BAY OF BANTEN, Indonesia –
Deputy Chief of Mission Kristen Bauer, U.S. Embassy Jakarta, joined U.S. and Indonesian navy divers on board the USNS Safeguard (T-ARS 50) to lay a wreath at the site of the USS Houston (CA 30), June 11.
The commemoration ceremony occurred mid-way through a five-day bilateral diving exercise as part of the 2014 convening of Cooperation Afloat Readiness and Training (CARAT).
"It is an honor to pay tribute to these service members who lost their lives on the USS Houston and remember their sacrifice. Our partnership with the Indonesian Navy to work together in surveying the USS Houston site will assist in preserving the remains of the USS Houston and her crew," Deputy Chief of Mission Bauer said.
Houston was sunk during the World War II Battle of Sunda Strait Feb. 28, 1942, with the loss of more than seven hundred souls. The ship remains sovereign property of the United States under customary international law, and is a popular dive site. Houston is located off the west coast of Java, Indonesia, one of nine partner nations participating in CARAT 2014.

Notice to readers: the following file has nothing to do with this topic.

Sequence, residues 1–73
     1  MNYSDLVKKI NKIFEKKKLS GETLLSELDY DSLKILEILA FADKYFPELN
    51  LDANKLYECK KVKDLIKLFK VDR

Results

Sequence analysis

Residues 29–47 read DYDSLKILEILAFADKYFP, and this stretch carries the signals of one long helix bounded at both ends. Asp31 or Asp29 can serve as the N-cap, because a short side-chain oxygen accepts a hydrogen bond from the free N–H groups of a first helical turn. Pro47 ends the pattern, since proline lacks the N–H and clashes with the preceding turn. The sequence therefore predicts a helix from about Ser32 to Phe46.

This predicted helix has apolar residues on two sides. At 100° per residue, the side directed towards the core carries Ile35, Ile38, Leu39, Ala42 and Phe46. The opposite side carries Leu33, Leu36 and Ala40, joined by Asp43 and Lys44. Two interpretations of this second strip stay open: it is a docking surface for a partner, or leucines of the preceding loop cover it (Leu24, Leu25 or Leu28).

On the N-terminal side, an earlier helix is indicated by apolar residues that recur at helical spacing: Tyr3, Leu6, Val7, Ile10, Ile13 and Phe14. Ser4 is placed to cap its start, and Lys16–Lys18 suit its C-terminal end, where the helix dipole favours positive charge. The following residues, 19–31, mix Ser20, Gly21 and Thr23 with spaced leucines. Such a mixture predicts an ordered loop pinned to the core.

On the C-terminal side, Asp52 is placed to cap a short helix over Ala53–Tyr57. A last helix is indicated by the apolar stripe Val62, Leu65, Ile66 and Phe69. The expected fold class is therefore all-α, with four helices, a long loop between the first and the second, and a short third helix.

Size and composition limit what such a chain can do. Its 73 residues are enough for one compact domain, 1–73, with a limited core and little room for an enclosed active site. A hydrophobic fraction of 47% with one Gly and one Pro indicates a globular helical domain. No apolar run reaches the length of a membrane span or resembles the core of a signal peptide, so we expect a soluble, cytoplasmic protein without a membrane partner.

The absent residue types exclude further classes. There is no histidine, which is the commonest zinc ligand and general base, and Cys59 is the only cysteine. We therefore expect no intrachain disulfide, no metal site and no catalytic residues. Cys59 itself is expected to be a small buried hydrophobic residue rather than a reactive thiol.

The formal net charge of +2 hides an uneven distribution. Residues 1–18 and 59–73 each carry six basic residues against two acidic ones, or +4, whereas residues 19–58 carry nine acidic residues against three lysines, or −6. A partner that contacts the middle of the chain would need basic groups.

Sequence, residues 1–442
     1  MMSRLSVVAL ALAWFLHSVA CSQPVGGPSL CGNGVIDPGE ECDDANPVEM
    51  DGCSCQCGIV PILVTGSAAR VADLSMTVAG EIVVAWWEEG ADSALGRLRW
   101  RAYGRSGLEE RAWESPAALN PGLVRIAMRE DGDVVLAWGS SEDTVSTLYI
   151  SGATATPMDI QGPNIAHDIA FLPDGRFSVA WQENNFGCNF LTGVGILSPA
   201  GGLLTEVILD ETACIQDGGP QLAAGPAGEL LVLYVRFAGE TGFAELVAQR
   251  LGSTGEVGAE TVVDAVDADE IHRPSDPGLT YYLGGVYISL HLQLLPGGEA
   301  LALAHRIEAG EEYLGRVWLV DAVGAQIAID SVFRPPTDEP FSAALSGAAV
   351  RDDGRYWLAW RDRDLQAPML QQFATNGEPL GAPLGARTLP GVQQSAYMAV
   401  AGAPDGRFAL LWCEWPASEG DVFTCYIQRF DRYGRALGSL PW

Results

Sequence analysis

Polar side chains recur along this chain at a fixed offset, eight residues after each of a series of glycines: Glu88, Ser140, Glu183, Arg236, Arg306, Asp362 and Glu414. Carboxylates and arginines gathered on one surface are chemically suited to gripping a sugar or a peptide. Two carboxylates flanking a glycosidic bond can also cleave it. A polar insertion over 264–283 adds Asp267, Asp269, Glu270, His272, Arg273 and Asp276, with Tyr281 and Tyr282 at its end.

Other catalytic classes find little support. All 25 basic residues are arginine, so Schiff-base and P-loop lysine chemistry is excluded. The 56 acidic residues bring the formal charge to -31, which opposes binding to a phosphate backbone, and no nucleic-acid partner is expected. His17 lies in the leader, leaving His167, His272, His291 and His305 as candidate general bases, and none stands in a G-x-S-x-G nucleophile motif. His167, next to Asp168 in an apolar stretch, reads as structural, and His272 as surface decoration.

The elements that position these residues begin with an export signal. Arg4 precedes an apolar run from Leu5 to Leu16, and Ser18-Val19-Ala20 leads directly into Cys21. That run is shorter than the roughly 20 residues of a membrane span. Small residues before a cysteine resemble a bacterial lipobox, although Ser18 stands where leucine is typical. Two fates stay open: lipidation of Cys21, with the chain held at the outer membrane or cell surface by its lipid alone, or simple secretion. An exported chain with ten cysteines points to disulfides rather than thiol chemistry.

Mobile Diving and Salvage Unit divers embarked on Safeguard began surveying the wreck Monday, June 9. They are aided by Dr. Alexis Catsambis, an underwater archaeologist from the Naval History and Heritage Command (NHHC), who provides operations planning support in order for the mission to effectively document the state of preservation of Houston. Documentation methods include inspections by surface supplied divers, sonar sensing systems and a remotely operated vehicle.
In its 20th year, CARAT, which continues through late 2014, is a bilateral exercise series designed to address shared maritime security priorities and concerns, strengthen navy-to-navy relationships and enhance interoperability among participating forces. The Indonesian Navy has been part of the exercise since it began in 1995, and this year's CARAT diving exercise is just one aspect of ongoing navy-to-navy cooperation.